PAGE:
…We [ICD-9-CM Coordination and Maintenance Committee] discussed waiting to adopt the ICD-11 code set in the August 22, 2008 proposed rule (73 FR 49805)…

…However, work cannot begin on developing the necessary U.S. clinical modification to the ICD–11 diagnosis codes or the ICD–11 companion procedure codes until ICD–11 is officially released. Development and testing of a clinical modification to ICD–11 to make it usable in the United States will take an estimated additional 5 to 6 years. We estimated that the earliest projected date to begin rulemaking for implementation of a U.S. clinical modification of ICD–11 would be the year 2020.

The suggestion that we wait and adopt ICD–11 instead of ICD–10–CM and ICD–10–PCS does not consider that the alpha-numeric structural format of ICD–11 is based on that of ICD–10, making a transition directly from ICD–9 to ICD–11 more complex and potentially more costly. Nor would waiting until we could adopt ICD–11 in place of the adopted standards address the more pressing problem of running out of space in ICD–9–CM Volume 3 to accommodate new procedure codes…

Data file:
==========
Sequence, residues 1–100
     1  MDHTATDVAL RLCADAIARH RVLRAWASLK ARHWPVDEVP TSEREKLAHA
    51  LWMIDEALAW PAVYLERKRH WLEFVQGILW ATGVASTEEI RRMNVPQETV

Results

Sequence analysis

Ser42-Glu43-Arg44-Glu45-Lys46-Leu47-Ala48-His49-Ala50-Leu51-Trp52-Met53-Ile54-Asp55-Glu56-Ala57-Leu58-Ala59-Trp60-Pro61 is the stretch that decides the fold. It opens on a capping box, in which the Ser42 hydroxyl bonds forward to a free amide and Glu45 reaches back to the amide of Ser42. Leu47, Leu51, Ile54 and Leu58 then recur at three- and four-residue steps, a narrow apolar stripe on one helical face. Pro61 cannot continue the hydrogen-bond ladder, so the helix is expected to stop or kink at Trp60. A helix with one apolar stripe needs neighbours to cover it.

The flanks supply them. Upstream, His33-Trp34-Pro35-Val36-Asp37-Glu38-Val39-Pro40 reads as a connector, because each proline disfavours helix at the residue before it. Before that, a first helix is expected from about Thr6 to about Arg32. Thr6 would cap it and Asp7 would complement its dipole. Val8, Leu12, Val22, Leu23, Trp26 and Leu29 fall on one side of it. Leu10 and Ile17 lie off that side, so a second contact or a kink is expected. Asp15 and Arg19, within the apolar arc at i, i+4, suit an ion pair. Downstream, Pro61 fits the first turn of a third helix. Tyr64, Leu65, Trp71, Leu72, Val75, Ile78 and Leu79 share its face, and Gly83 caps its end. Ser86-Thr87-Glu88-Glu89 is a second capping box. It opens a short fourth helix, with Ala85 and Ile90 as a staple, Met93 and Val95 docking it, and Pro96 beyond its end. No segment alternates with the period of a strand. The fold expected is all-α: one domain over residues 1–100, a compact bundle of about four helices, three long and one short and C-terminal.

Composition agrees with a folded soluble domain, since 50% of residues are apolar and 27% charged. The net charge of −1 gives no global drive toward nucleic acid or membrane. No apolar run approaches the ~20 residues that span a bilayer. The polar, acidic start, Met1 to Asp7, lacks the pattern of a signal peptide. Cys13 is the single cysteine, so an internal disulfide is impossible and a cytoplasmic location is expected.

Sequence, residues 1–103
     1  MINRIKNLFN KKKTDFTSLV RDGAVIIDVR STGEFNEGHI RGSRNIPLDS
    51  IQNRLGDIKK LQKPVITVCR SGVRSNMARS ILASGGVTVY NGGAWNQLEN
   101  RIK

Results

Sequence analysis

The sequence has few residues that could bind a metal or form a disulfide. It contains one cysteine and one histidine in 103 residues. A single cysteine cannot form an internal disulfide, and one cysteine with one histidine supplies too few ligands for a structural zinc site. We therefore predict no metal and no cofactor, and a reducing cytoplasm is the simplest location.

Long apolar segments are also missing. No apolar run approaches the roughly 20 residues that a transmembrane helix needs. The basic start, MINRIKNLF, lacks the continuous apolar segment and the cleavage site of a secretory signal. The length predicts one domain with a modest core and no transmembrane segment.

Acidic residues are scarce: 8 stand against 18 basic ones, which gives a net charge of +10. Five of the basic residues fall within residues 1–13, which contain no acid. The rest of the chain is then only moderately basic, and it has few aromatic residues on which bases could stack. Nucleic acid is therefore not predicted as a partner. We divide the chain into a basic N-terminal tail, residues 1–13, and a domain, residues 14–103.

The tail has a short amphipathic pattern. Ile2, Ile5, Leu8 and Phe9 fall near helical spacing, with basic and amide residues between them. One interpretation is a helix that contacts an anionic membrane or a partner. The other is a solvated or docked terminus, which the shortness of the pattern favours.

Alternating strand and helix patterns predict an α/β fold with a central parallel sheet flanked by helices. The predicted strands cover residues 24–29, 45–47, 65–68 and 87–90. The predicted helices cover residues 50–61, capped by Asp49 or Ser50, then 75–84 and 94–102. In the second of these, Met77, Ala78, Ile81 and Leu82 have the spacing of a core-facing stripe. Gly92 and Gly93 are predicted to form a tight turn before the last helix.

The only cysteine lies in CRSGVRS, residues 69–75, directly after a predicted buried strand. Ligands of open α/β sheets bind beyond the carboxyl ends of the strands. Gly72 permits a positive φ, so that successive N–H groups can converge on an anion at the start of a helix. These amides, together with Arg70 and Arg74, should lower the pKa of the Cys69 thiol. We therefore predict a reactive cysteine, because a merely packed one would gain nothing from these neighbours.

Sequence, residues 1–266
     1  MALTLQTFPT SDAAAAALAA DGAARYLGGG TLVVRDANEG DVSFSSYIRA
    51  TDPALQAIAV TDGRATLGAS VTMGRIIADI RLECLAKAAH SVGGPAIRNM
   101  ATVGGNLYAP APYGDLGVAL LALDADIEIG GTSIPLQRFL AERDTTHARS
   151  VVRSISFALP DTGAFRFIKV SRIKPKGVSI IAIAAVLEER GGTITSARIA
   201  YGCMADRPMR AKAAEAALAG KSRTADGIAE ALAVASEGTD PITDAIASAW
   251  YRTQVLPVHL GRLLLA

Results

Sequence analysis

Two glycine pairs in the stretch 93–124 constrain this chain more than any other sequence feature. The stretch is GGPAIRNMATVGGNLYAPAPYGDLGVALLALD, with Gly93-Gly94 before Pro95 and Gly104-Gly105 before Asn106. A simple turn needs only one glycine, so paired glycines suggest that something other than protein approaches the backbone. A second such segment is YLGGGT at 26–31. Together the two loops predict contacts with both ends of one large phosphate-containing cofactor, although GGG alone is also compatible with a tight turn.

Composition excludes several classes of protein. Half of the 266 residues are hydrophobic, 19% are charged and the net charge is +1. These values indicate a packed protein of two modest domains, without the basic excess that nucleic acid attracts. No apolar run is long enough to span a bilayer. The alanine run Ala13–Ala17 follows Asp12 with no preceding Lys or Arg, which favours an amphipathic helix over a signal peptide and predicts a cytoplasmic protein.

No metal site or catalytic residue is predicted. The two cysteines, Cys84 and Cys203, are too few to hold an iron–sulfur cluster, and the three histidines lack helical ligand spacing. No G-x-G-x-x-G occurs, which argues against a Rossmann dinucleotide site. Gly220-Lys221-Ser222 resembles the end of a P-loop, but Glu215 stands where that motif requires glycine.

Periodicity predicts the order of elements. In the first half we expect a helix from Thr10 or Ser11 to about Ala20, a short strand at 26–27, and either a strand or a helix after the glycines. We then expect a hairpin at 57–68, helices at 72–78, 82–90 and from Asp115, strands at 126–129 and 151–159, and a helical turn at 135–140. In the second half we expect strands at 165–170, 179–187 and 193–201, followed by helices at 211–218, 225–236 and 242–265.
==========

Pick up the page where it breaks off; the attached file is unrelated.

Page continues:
And from a more recent Federal Register document:

Federal Register, April 17, 2012:

3. Option 3: Forgo ICD-10 and Wait for ICD-11

…The option of foregoing a transition from ICD-9 to ICD-10, and instead waiting for ICD-11, was another alternative that was considered. This option was eliminated from consideration because the World Health Organization, which creates the basic version of the medical code set from which all countries create their own specialized versions, is not expected to release the basic ICD-11 medical code set until 2015 at the earliest.